abstract = "BACKGROUND: This paper examines socioeconomic inequalities in mental health at school entry and explores changes in these inequalities over the first 3 years of school.METHODS: The study utilises routinely collected mental health data from education records and demographic data at ages 4 and 7 years, along with administrative school-level data. The study was set in preschool establishments and schools in Glasgow City, Scotland. Data were available on 4011 children (59.4%)at age 4 years, and 3166 of these children were followed at age 7 years (46.9% of the population). The main outcome measure was the teacher-rated Goodman's Strengths and Difficulties Questionnaire (4-16 version) at age 7 years, which measures social, emotional and behavioural difficulties.RESULTS: Children living in the most deprived area had higher levels of mental health difficulties at age 4 years, compared with their most affluent counterparts (7.3%vs4.1% with abnormal range scores). There was a more than threefold widening of this disparity over time, so that by the age of 7 years, children from the most deprived area quintile had rates of difficulties 3.5 times higher than their more affluent peers. Children's demographic backgrounds strongly predicted their age 7 scores, although schools appeared to make a significant contribution to mental health trajectories.CONCLUSIONS: Additional support to help children from disadvantaged backgrounds at preschool and in early primary school may help narrow inequalities. Children from disadvantaged backgrounds started school with a higher prevalence of mental health difficulties, compared with their more advantaged peers, and this disparity widened markedly over the first 3 years of school.",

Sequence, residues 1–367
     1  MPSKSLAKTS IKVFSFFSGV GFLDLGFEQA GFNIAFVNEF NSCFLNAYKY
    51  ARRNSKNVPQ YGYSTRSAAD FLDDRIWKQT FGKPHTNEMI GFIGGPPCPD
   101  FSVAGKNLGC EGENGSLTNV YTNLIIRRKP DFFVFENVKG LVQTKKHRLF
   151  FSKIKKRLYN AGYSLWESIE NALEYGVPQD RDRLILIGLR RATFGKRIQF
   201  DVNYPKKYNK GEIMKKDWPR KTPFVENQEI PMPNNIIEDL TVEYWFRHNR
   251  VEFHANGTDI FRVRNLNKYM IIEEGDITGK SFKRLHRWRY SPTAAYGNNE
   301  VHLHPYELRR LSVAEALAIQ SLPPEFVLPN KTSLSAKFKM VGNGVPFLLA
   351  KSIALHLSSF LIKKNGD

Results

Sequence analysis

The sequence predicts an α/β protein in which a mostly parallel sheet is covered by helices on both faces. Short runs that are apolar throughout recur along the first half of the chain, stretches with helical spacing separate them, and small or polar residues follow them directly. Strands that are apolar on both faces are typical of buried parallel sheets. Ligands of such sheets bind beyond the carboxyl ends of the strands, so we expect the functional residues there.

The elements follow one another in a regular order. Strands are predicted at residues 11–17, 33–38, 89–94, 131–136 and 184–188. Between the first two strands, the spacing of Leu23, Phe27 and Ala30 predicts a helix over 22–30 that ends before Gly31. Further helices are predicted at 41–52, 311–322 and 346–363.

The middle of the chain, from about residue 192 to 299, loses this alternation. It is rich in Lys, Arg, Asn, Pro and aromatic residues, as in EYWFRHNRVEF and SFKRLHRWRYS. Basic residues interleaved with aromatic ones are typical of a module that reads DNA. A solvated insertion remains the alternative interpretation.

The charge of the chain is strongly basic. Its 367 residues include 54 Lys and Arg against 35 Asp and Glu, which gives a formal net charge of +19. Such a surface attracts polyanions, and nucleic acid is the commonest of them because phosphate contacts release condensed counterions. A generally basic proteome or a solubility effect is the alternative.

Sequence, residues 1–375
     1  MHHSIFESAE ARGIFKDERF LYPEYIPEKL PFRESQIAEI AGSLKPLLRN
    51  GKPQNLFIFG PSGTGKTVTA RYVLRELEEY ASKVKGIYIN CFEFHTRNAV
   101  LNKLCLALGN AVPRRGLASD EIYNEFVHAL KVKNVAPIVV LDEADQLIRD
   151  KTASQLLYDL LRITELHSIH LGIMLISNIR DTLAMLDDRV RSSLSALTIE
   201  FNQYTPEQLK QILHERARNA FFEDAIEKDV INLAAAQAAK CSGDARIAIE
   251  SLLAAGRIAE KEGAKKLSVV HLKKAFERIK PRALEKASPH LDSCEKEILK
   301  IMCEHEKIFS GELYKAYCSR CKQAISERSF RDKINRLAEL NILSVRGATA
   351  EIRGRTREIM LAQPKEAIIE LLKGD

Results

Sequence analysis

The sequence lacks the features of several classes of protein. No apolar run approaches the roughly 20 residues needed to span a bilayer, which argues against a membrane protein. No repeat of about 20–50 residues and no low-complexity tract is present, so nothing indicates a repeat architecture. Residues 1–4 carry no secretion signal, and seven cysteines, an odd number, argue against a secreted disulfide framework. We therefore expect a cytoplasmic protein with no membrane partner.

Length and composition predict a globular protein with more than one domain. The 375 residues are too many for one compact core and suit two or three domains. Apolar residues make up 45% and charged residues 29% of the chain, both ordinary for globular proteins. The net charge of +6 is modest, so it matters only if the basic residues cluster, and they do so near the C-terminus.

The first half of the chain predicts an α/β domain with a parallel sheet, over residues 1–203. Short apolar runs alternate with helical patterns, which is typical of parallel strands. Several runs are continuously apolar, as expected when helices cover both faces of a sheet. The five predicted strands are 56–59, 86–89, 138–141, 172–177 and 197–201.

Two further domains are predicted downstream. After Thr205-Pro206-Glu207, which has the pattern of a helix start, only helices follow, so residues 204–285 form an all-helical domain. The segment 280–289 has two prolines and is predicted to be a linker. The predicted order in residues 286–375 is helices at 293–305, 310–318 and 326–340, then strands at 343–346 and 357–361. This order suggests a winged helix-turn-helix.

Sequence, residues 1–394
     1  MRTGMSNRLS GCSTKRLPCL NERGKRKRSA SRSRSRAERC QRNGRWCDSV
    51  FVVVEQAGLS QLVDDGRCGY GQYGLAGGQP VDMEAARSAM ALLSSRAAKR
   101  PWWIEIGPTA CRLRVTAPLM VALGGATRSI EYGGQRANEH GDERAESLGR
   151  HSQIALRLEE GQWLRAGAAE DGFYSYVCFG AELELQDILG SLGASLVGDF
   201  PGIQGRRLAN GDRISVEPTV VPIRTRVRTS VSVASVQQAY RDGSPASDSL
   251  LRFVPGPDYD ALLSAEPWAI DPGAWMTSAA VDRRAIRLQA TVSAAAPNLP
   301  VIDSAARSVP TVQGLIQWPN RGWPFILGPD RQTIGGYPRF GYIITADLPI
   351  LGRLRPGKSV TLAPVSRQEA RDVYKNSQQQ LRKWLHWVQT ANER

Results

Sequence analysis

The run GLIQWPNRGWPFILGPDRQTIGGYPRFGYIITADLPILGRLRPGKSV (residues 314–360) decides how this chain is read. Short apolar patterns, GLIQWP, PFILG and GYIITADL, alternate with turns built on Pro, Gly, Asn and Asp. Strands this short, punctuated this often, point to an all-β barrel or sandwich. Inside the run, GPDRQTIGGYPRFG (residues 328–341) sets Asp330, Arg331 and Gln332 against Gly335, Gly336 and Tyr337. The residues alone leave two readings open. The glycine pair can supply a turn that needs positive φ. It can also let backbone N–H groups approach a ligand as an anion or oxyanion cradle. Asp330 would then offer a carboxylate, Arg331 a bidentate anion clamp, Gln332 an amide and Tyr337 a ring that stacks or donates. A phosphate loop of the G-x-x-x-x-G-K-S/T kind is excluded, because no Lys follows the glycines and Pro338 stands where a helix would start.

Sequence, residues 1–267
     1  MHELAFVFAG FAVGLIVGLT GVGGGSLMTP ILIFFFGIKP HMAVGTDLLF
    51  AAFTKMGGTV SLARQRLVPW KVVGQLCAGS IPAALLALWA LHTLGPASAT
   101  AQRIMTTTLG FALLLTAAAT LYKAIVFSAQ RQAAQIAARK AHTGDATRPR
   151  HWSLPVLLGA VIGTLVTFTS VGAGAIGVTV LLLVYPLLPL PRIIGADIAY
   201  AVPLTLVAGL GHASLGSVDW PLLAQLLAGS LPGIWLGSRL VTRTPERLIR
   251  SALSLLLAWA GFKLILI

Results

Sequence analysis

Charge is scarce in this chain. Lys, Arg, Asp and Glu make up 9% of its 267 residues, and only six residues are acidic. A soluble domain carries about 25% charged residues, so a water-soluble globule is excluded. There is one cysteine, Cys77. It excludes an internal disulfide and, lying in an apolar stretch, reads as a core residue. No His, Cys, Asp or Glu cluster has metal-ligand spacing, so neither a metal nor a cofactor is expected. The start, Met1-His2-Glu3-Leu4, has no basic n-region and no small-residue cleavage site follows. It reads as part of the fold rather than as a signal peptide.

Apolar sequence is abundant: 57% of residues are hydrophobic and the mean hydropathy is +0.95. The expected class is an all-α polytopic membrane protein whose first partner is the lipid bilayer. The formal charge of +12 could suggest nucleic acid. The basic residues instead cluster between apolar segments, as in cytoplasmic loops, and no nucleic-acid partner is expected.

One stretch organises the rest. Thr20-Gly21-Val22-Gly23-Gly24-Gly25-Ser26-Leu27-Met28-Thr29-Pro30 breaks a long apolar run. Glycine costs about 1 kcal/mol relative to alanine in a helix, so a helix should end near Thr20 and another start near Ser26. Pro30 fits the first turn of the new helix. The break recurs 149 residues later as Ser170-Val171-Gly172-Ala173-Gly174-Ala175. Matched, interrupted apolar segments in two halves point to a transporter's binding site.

keywords = "Child, Child, Preschool, Cohort Studies, Emotions, Female, Humans, Male, Mental Health, Population Surveillance, Residence Characteristics, Schools, Scotland/epidemiology, Social Behavior, Socioeconomic Factors",
author = "Louise Marryat and Lucy Thompson and Helen Minnis and Philip Wilson",
note = "{\textcopyright} Article author(s) (or their employer(s) unless otherwise stated in the text of the article) 2018. All rights reserved. No commercial use is permitted unless otherwise expressly granted.",